Early on and with a limited budget, you might want to start with branding assets that you already have: logo, photography, and copy.

You can also find budget-friendly solutions to get started by creating the assets yourself, or being selective as to what assets (e.g., photography if you sell products online or copy if you’re creating a brochure site) are worth investing in now.

It’s ok if your site doesn’t look as ideal as you’d like from the very beginning, as you can update it as your budget grows. The most important factor is having a web presence and providing the right information if you aren’t selling directly online, to entice customers to call or visit your store.

For more information on how to develop a solid branding strategy for your small business, refer to this post. If you are going to pay someone to develop your website brand strategy, review this story about developing a creative brief.

(8) How important is mobile access for your business?

Most people look for information today through mobile searches, especially when looking for local businesses and products.

At a minimum, your site should be mobile responsive since it enables mobile users to read a mobile site without having to scroll or zoom, and has large enough buttons or “tap targets” for people to hit with their fingers. Otherwise, the experience for mobile users will be poor.

Also, Google now favors mobile-friendly optimized sites in its search engine rankings. So, mobile usability can also give you an advantage over your competitors.

The Google Mobile-Friendly Test can help you determine if your competitors’ sites load and display well on mobile devices so you can make the necessary adjustments.

If you’re trying to decide whether or not to build a mobile-exclusive app, consider your budget first and foremost. Then, decide whether creating the app will help to grow your business quickly, depending on who your customers are and how they typically shop for your products or services.

(9) What methods and channels will you use to promote your site?

You’ll need to plan and budget for advertising or content marketing to drive customers to your site. You can use this online advertising post as a guide to get started after your site has launched.

If you plan to use remarketing, then you’ll need to add remarketing pixels on your site. It’ll also help to read up on best practices for using cookies, which is now a legal requirement.

And if you plan to use social media to promote your business, you may want to add social sharing buttons to your site design. Additionally, you’ll need to create and manage those social media profiles.

Of course, you don’t need to do all of this right away. You can slowly test and add strategies that work for your business and your budget.

(10) Are there any online legal requirements for your particular profession?

For example, if you are running an ecommerce site, you’ll need a privacy statement.

And if you plan on collecting email addresses to communicate with customers regularly through a newsletter, you’ll need to be aware of proper anti-spam laws.

Review our post on how to start an online business to understand all of the necessary legal requirements.

Once you have all of the information for your strategy, put together a project brief to either give to a web designer and copywriter or use it to build and host your website. We’ll go through those steps next.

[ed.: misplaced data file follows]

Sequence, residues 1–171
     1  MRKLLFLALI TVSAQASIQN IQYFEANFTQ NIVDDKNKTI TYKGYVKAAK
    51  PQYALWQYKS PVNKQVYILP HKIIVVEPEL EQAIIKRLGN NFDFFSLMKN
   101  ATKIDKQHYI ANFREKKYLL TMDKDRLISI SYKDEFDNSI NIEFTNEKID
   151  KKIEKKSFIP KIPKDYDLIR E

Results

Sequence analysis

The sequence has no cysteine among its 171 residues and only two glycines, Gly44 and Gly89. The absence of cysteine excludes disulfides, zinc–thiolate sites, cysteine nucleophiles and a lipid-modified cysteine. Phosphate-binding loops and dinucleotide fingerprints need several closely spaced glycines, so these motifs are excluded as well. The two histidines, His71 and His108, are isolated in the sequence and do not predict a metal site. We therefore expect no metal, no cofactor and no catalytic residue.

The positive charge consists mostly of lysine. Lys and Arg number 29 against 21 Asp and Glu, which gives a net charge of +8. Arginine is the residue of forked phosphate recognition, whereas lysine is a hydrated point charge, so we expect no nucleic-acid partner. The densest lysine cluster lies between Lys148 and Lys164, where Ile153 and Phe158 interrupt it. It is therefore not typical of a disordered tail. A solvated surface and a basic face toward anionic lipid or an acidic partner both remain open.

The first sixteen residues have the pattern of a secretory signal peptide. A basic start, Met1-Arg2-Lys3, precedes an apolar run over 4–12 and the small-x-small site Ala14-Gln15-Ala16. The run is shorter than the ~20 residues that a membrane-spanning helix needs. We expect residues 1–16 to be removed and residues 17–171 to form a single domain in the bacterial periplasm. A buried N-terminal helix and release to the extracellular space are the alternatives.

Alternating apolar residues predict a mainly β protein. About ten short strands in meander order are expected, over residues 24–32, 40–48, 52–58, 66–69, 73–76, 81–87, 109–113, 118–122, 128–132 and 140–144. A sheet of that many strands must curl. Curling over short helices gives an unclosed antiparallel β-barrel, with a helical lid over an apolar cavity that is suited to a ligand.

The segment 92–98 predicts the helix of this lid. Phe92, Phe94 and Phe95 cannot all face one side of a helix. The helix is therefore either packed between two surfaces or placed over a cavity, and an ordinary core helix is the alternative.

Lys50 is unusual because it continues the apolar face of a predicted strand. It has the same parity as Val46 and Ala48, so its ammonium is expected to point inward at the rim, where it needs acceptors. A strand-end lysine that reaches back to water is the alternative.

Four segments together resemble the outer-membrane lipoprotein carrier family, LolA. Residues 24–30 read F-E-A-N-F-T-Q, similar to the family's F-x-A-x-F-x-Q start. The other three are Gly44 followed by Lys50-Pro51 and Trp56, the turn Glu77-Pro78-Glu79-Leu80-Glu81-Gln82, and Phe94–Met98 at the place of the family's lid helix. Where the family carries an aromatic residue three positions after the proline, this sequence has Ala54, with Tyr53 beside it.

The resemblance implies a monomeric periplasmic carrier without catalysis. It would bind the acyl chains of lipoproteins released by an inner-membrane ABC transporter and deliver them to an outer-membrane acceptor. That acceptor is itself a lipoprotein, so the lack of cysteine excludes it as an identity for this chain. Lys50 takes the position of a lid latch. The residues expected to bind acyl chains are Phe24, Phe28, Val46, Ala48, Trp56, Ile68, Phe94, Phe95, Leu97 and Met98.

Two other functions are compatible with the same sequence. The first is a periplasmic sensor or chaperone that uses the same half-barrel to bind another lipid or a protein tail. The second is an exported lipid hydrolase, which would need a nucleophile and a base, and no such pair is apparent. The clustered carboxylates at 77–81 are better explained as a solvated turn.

3. Choose and register a domain name

Finding an available domain name can be tough these days. Ideally, you should register your personal name or your business name, depending on how you plan to brand your business. However, you may find those names are already taken.

If that’s the case, you’ll have to come up with a creative name that still makes sense to your customer.

Before you choose and register the name:

  • Always avoid tricky spellings, such as dawg instead of dog, unless that is actually your business name.
  • Keep in mind that your customer could be typing your URL straight into their browser so make it short and sweet.
  • Take a look at the competition and make sure your name or something similar isn’t already being used.
  • It’s also worth checking if your domain name is available on prominent social media platforms.

Don’t give up if your first few choices are already taken. If you can’t find a good .com extension, try other extensions like .biz, .net, or .co. Choose how long you want to reserve the name—it can be anywhere from one to 10 years.

Popular sites for registering your domain name include GoDaddy,, and You can register your name for as little as $10 annually.

Choose a reputable registrar that has an up-to-date website, a customer support number, and good reviews online. Examples of the current top-ranked domain registrars can be found here.

You can try brokering the domain, too

If you simply must get that perfect domain, consider using a brokering service to help secure it for the best price possible. When someone has a domain you want, brokers can help with the negotiation to buy it.

Although, domains in high demand can be sold for thousands or even tens of thousands of dollars. Ask yourself if the ‘perfect domain’ is critical in your branding mission.

Or, try backordering

In this case, you order the domain in advance of its expiration date in hopes that the existing owner lets the renewal pass. Some registrars offer this service as part of their product offerings.

4. Find the best web hosting for your site

The next step is to find a web host. The basic anatomy of a website includes a domain, a host, and your file structure. The domain, or URL (Uniform Resource Locator), acts like a street address that provides browsers with a way to find your website host. The host is a server that provides storage and access to your website online.